Until 1719, subah of Awadh was a province of the Mughal Empire administered by a Governor appointed by the Emperor. Saadat Khan also called Burhan-ul-Mulk a Persian adventurer was appointed the Nazim of Awadh in 1722 and he established his court in Faizabad near Lucknow.

Awadh was known as the granary of India and was important strategically for the control of the Doab, the fertile plain between the Ganges and the Yamuna rivers. It was a wealthy kingdom, able to maintain its independence against threats from the Marathas, the British and the Afghans. The third Nawab, Shuja-ud-Daula fell out with the British after aiding Mir Qasim, the fugitive Nawab of Bengal. He was comprehensively defeated in the Battle of Buxar by the East India Company, after which he was forced to pay heavy penalties and cede parts of his territory. The British appointed a resident in 1773, and over time gained control of more territory and authority in the state. They were disinclined to capture Awadh outright, because that would bring them face to face with the Marathas and the remnants of the Mughal Empire.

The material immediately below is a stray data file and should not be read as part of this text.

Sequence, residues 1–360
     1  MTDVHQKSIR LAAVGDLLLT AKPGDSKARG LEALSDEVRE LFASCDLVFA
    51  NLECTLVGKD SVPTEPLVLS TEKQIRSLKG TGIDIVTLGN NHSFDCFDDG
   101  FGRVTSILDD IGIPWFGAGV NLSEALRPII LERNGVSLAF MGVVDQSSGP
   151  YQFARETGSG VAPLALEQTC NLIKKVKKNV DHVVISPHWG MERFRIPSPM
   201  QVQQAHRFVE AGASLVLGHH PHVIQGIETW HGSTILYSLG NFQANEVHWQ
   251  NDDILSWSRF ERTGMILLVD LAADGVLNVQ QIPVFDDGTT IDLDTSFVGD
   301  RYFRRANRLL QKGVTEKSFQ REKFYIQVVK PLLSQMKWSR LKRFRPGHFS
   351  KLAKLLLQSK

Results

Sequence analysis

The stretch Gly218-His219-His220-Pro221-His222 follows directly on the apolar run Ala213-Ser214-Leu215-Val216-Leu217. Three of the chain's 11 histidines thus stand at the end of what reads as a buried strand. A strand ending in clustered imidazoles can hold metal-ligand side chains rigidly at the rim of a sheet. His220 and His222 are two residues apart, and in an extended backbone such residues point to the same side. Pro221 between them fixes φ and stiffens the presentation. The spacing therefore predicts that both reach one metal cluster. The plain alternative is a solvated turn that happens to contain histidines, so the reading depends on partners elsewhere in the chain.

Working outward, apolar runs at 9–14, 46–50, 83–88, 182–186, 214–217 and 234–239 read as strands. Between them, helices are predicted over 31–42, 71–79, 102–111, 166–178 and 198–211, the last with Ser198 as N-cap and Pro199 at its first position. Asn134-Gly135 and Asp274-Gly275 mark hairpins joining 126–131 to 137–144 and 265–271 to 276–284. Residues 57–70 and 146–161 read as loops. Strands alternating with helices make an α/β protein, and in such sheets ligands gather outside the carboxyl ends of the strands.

Many independent kingdoms, such as Awadh, were established when the Mughal empire disintegrated. Awadh’s capital, Lucknow rose to prominence when Asaf-ud-Daula, the fourth nawab, shifted his court here from Faizabad in 1775. The city was also North India’s cultural capital, and its nawabs, best remembered for their refined and extravagnt lifestyles, were patrons of the arts. Under them music and dance flourished, and many monuments were erected. Of the monuments standing today, the Bara Imambara, the Chhota Imambara, and the Rumi Darwaza are notable examples. One of the more lasting contributions by the Nawabs is the syncretic composite culture that has come to be known as the Ganga-Jamuni Tehzeeb.
Gates of the Palace at Lucknow by W. Daniell, 1801
Nawab Saadat Khan II